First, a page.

Inn Consultants and Brokers Since 1993

Rick Wolf and Peter Scherman (that’s Rick on the left and Peter on the right) are both experienced speakers who have presented on a range of innkeeping related topics at the state, regional, and national level. They gather and analyze research for the Innkeeping industry and welcome the opportunity to share it with others. Contact Us

The B&B Team
 

Good Job

 

good job tip envelope

Envelope or no envelope, that is the question?

When you learned to tie your own shoelaces as a child or master the art of putting a round peg into a round hole, did a teacher or parent say to you; ‘good job’? I surely hope so. These two simple words build confidence and self- esteem.  As we grow older those words may not be spoken as often. But they should be.

As innkeepers you get many compliments from your guests. “Wonderful breakfast, I would love your recipe for…”. “The bed was so comfortable; I have never slept so well”. “The inn is so clean!” In other words; ‘good job’. We feel good when we hear or read those words in a review. All your hard work has been reinforced.

But what happens when a guest goes on and on about how clean their guest room was and yet after check-out your housekeeper reports that there were no tips left in the rooms that day. How do you think they feel?

good job cleaning

The intricacies of cleaning a B&B guest room are far more difficult and time consuming than a sparse cookie cutter hotel room

In one article I read in my research, housekeeping was described as “backbreaking but invisible service work’. Innkeepers know this all too well, you have been there, done that! We value housekeepers because we know how difficult this job is.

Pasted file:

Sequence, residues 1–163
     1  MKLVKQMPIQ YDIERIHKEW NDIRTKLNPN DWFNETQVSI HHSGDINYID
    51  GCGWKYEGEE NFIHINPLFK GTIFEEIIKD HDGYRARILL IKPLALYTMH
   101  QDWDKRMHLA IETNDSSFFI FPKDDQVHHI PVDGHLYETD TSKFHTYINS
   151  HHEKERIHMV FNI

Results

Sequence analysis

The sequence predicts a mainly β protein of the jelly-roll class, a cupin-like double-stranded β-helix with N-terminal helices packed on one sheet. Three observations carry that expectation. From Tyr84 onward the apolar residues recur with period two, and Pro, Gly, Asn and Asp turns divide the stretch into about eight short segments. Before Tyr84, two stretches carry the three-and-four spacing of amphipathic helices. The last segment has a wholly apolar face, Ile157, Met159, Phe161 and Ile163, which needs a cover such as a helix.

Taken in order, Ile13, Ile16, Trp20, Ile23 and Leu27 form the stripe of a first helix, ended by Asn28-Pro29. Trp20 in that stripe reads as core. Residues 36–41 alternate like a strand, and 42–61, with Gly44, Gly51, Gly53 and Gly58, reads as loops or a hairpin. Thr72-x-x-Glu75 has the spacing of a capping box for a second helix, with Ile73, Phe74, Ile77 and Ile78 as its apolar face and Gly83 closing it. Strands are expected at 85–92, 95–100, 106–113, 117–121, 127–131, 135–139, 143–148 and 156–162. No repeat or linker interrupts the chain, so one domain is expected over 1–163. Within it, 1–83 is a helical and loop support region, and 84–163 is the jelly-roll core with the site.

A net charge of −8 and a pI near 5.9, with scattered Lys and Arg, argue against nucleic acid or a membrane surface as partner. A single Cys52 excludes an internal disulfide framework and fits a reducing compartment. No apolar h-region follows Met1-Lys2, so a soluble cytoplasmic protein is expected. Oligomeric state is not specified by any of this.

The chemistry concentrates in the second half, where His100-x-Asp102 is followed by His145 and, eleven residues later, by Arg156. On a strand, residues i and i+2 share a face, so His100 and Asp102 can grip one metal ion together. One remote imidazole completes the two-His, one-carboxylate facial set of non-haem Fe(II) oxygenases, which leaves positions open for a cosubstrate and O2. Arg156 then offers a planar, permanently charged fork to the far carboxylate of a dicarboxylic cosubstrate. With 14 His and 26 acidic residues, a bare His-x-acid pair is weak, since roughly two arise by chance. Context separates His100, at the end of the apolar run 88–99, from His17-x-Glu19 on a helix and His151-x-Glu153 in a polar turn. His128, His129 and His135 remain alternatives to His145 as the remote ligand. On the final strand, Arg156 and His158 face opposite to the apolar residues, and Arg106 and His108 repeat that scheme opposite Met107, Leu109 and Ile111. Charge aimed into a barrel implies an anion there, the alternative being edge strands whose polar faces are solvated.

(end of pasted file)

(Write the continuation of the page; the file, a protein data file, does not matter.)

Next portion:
good job staff photos

Love Inns that put photos of their staff on their sites. Another way of saying ‘good job’. Squam Lake Inn

Many innkeepers place envelopes in the rooms or have well written signs suggesting that tipping is appropriate and appreciated. Some large hotels do the same. A recent article entitled ‘Marriott’s New Envelope for Room Tips Stirs Debate.’ This article has started interesting ‘conversation’ among Marriott’s guests. You may ask, so what is the debate? “…Here is one comment from a Marriott Rewards Program member; “This is a bit over the top for Marriott to be doing this to us, almost like black mailing us into it. If they are so concerned they should pay these hard working people a better wage”!  Hum. Black mailing?

I don’t know what Marriott pays their housekeepers but I do know that innkeepers value their housekeeping staff and pay above minimum and even way above minimum. But acknowledgement goes beyond the hourly wage. Envelope or no envelope that is the question? If you want to encourage tipping than the envelope is a safer and more secure way. A sign is another method, especially if you suggest that the guest may choose to add the tip to their bill.

 

Good Job Mickey

Good Job Mickey

Guests may not see or interact with housekeepers at a large hotel. They are much more visible in our small lodging properties. This is an advantage because guests are more likely to view your housekeepers at work and may interact with them. But still their hard work may be overlooked and taken for granted by your guests. This is why that tip, that extra nod of appreciation is important to them. Verbally and monetarily they need to hear, ‘good job’. Those two simple yet so important words.

Thanks for Listening,

Janet Wof

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